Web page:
Rating: 1-5 (5 is an excellent or a Starred review) 5
Genre: Realistic Fiction/Fantasy
What did you like about the book? Alex has a lot to juggle- helping to care for his younger brother Isaiah after the deaths of their parents, grieving his best friend Sean, the older brother of his girlfriend Talia, and trying to figure out what it means to be a teen when the world sees you as a Black man. However, Alex’s greatest burden is supernatural- whenever he touches anything, he can see flashes of the future. When one of these visions reveal that Isaiah will die soon, what is Alex supposed to do?
Morris layers in so much around and on top of the magical elements- a history of trauma, racism, and slavery; the difficulties trying to experience joy and childhood amid so much responsibility and grief; what it means to be a man in the first place. Every character – Alex, Isaiah, Talia, the boys’ aunt – felt realistic and rounded, with depth and nuance. Anyone who has experience with anxiety knows the feeling of flashing forward into the future uncontrollably, even without magic. Morris tackles so many issues– anxiety, overt and subconscious racism, assumptions about rap music, body image, code switching, waiting to have sex until you’re ready- without seeming preachy.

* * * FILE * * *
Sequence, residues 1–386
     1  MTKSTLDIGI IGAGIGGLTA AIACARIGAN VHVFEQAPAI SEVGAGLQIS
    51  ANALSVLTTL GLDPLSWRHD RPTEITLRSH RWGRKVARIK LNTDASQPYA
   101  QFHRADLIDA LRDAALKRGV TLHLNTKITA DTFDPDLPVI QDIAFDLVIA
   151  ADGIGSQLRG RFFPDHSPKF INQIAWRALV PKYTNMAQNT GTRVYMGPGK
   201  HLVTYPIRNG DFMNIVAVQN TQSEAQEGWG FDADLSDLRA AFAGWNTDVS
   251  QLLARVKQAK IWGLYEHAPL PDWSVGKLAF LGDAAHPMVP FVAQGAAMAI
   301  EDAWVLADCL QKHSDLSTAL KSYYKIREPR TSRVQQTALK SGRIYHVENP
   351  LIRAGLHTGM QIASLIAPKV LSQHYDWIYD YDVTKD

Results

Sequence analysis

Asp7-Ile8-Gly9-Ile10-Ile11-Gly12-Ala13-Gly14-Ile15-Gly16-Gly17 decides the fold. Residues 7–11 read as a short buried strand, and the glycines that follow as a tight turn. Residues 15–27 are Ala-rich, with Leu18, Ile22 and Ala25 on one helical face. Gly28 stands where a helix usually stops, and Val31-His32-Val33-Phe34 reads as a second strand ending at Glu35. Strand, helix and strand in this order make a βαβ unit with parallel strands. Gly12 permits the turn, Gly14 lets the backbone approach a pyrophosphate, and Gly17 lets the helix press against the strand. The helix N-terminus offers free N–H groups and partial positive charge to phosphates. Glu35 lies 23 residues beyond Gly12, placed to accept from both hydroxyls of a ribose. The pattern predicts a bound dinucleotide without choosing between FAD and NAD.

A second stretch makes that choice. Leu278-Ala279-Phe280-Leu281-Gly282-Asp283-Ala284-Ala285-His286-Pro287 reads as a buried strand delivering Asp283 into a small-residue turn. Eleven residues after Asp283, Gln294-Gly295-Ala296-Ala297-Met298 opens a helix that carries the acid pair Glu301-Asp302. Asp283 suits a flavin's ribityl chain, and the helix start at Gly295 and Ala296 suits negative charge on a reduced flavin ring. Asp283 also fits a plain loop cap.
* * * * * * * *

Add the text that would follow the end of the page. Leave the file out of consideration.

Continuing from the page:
Anything you didn’t like about it? Naming the white antagonist Karen was a bit on the nose, but that’s a nitpick. This book was fabulous.
To whom would you recommend this book? Read Alikes: Concrete Rose, Patron Saints of Nothing, Thirteen Doorways, Wolves Behind Them All (for the supernatural elements)
Who should buy this book? Middle schools (I’d recommend for 8th grade – some uses of the F word/reading level), High schools, public libraries
Where would you shelve it? YA
Should we (librarians/readers) put this on the top of our “to read” piles? Very much yes
Reviewer’s Name, Library (or school), City and State: Rachel Chiel Katz, Schechter Boston, Newton, MA
Date of review: 2/28/2021